In order to overcome the above-described drawbacks related to undesired bright burn in image data (such as bright image artifacts, spurious images, unintended splotches, and other aberrant perturbations that appear on the x-ray image), the present invention provides a system and method to reduce bright burn.

The content of x-ray images is used to determine areas subject to bright burn. The bright burn is then reduced by either moving x-ray filters into these areas, or manipulating the image data. The reduction of bright burn may be accomplished by processing a received raw image to obtain a grey-value histogram. The raw image may be divided into a plurality of regions of interest, and an average signal of each region of interest is calculated. Regions of interest are identified as bright burn candidates based on the average signal of each region of interest and a predetermined function the grey-value histogram of the entire raw image.

The regions of interest may be identified, or marked, as bright burn candidates, which is followed by local connectivity analysis to estimate bright burn areas. An image with reduced bright burn is generated by either automatically adjusting a physical wedge filter position based on the bright burn areas, or adaptively reducing a signal level of the bright burn areas via image processing.

Thus, embodiments of the present invention are directed to image analysis performed on raw image data to locate bright burn areas, and then the bright burn is reduced either by (1) automatically moving physical wedge filters into the bright burn areas, or by (2) performing image manipulation to reduce the average signal value in the bright burn areas.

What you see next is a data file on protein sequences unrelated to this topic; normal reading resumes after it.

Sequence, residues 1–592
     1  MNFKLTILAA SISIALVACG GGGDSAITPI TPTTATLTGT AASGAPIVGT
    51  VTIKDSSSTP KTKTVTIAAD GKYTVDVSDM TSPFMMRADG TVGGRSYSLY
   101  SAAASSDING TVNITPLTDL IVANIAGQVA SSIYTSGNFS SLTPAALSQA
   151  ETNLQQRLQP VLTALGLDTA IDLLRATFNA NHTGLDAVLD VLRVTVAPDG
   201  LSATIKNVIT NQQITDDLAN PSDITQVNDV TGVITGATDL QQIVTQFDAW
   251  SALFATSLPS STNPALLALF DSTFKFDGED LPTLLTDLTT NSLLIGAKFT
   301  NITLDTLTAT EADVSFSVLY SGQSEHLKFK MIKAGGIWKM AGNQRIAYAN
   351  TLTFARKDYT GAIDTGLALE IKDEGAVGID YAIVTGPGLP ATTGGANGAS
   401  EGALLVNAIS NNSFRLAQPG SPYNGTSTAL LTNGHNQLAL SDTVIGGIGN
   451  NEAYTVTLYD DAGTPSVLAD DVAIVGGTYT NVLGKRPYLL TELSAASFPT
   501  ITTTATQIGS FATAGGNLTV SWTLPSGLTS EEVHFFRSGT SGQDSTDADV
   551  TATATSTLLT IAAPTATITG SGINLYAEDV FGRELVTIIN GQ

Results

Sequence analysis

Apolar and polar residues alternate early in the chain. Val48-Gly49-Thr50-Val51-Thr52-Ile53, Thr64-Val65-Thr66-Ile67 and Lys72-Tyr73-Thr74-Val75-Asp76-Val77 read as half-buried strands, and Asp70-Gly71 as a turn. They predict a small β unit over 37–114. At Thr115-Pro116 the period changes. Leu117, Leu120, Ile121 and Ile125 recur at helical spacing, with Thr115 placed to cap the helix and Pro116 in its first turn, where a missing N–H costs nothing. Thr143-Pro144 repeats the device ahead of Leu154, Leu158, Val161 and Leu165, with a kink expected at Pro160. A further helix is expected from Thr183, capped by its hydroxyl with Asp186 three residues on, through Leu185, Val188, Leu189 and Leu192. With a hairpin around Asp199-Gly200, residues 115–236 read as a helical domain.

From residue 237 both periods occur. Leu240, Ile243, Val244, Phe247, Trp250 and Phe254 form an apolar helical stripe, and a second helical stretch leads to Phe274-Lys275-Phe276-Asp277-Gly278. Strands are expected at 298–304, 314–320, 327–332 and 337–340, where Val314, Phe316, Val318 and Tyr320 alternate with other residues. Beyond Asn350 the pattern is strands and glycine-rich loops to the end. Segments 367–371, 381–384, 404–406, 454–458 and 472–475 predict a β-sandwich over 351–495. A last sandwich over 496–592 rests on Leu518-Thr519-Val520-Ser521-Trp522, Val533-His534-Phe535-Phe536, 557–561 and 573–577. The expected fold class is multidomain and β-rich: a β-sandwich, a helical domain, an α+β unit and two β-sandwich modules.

Physical wedge filters may be moved into the area automatically, and removed automatically when not needed. This has the advantage that the signal (in the otherwise bright burn area) may be reduced to a level that is within the dynamic range of the X-ray detector.

A “software wedge filter” may be used to reduce the average signal gradually from the well imaged area(s) to the bright burn area(s). This has the advantage that shapes other than polygons may be used to circumscribe the bright burn area.

Also, software wedge filters act on the image data in real-time, thereby reducing time lag in comparison with moving physical wedge filters.

According to an embodiment of the invention, to identify bright burn areas, the image is analyzed for connected areas of reasonable size with a high average grey value signal. The boundary of this area (or areas) is determined, and used as input for bright burn reduction, either by the physical wedge filter or by image correction (“software wedge filter”).